Environmental offences place recovery in jeopardy

Environment, Climate and Tourism minister Mangaliso Ndlovu

CONCERN over environmental degradation has been rising across the world. Governments are implementing various agreements to addres the crisis. Our Business Reporter (ND), Freeman Makopa, yesterday spoke to Environment, Climate and Tourism minister Mangaliso Ndlovu (MN) to understand what progress has been made in Zimbabwe.

ND: There has been a notion that Chinese-owned mines and firms have been violating environmental laws. What measures have you put in place to alleviate the problem?

MN: The second republic values the significant role of minerals in the national economy. For this reason, it has rebuilt the mining sector towards a $1,8 trillion economy. It is our main contributor to GDP. Government has intensified actions towards environmental rehabilitation in mining areas.

This is a massive undertaking that we must support in the National Development Strategy (NDS1) (2021-2025) and Vision (2030) in order to intensively grow our economy and achieve an upper middle-income status much earlier.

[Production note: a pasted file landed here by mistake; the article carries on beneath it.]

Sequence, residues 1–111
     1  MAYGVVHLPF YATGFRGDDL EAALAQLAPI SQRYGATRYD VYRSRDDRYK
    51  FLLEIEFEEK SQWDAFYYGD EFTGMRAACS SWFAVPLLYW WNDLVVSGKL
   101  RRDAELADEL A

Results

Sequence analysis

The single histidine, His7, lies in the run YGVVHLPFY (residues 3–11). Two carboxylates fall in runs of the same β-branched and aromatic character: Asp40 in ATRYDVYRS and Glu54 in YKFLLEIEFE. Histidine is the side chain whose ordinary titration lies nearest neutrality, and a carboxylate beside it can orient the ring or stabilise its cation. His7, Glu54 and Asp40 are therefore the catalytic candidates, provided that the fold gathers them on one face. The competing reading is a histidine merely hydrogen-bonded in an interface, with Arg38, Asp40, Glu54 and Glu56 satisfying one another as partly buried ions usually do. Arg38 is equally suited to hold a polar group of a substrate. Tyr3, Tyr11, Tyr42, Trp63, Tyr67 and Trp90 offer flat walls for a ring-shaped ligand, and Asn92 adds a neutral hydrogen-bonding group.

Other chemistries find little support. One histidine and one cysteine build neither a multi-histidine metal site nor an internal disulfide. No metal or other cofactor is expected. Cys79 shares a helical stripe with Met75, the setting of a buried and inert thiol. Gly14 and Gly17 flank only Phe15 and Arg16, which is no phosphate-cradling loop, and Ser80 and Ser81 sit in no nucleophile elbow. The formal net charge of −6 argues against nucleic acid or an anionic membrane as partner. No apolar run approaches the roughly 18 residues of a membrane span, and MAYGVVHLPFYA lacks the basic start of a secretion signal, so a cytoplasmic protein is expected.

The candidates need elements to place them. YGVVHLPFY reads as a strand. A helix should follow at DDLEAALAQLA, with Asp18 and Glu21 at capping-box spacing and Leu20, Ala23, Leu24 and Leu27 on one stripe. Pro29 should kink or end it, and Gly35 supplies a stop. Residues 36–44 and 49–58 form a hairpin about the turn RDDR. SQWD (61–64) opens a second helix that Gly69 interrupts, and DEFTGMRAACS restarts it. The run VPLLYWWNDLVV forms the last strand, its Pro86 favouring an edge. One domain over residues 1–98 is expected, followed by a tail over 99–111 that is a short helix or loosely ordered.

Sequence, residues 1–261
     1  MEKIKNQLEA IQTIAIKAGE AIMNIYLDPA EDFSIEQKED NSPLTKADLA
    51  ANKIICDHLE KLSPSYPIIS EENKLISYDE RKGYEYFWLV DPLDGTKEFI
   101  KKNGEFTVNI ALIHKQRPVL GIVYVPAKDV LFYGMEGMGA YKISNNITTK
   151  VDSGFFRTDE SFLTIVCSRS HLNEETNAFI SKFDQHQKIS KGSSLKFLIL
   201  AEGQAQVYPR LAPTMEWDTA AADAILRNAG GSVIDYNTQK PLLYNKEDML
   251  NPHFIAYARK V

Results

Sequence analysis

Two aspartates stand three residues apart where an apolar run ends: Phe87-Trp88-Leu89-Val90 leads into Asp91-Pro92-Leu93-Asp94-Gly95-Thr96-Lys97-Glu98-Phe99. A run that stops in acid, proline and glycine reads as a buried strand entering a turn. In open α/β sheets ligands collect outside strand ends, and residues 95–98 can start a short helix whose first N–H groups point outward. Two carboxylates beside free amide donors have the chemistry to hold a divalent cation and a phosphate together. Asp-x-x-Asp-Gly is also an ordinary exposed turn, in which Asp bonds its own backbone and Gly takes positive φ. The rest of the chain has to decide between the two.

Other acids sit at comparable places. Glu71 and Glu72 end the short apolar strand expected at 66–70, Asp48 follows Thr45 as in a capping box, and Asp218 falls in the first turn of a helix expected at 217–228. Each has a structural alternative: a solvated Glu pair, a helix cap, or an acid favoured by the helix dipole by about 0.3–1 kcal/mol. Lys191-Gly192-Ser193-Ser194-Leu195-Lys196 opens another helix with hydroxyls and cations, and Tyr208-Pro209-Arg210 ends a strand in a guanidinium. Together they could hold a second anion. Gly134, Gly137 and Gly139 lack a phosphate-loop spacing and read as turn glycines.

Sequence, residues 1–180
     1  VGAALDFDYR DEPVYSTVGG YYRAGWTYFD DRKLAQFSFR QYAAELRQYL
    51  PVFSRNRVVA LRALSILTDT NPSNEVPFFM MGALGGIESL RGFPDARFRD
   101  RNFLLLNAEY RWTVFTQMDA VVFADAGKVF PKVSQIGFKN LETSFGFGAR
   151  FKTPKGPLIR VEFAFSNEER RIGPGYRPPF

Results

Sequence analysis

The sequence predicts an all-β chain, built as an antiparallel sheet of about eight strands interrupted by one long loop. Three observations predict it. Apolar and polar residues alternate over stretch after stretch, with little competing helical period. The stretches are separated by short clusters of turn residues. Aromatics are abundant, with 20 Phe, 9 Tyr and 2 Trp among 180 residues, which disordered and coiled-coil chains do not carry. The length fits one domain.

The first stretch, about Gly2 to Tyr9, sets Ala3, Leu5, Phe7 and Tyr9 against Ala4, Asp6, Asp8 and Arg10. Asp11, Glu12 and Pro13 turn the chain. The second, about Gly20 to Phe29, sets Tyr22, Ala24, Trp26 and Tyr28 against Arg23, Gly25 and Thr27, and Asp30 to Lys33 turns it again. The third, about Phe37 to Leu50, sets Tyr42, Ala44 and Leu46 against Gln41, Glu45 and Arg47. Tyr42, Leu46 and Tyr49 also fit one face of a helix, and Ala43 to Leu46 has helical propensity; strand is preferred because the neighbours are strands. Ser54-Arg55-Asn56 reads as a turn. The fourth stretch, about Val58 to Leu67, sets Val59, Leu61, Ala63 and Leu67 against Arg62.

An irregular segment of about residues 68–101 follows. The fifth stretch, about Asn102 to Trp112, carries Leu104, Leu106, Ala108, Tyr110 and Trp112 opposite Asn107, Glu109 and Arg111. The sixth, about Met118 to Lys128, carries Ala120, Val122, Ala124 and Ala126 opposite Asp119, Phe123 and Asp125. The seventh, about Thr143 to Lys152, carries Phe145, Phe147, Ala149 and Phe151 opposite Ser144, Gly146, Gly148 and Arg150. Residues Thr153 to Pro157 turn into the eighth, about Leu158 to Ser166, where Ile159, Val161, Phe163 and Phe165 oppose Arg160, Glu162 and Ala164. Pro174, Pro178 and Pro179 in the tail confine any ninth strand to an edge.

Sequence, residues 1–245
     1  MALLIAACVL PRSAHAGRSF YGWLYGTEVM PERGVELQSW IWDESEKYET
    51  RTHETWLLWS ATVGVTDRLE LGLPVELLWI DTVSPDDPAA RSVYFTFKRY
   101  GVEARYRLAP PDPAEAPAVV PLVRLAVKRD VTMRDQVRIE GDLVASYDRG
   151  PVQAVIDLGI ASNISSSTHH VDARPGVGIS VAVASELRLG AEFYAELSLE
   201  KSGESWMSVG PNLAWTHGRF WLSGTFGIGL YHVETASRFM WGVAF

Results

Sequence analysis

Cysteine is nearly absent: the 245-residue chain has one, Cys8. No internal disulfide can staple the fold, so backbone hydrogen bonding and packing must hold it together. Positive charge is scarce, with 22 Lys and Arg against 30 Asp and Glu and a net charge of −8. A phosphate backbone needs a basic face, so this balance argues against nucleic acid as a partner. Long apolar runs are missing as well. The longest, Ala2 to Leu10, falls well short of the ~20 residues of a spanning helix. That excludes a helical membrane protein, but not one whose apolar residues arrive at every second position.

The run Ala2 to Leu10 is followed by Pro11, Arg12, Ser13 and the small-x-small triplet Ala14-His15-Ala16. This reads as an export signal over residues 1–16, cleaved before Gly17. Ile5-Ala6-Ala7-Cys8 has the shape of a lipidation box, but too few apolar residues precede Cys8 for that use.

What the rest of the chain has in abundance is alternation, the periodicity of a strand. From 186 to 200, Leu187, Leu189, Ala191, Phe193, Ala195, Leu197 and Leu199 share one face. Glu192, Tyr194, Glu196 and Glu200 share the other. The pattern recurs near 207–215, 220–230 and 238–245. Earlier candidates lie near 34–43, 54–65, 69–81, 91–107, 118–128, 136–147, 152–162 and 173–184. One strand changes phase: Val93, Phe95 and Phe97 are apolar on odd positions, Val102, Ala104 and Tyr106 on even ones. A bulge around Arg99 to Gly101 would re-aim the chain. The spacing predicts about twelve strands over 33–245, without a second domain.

At the same time, as we look ahead, we must recognise that much of the environmental damages are historical, going back to the late 1890s. Some areas will be difficult to rehabilitate.

Most recently, we sat before a joint sitting of committee on environment, mining and local government to present government position on the Greenpool of Mutorashanga. We also investigated the Hwange coal fire fissures in Matabeleland North province. In all cases, we have realised that past mining activities are a big contributor to environmental damage.

ND: Don’t you think green pools also offer investment opportunities?

MN: Some offer new opportunities. In tourism, we are closely examining this with expert assessments. I am sure based on this take, the new surge in mining has seen different types of mining companies and investors. Our artisanal mining have also played a big role across mineral sectors. It is, therefore, trite to mention one nationality in the mining sector. We certainly as a ministry place premium on environmental impact assessment (EIA) based on the Environmental Management Act. It is our responsibility to leave a secure environment for current and future generations.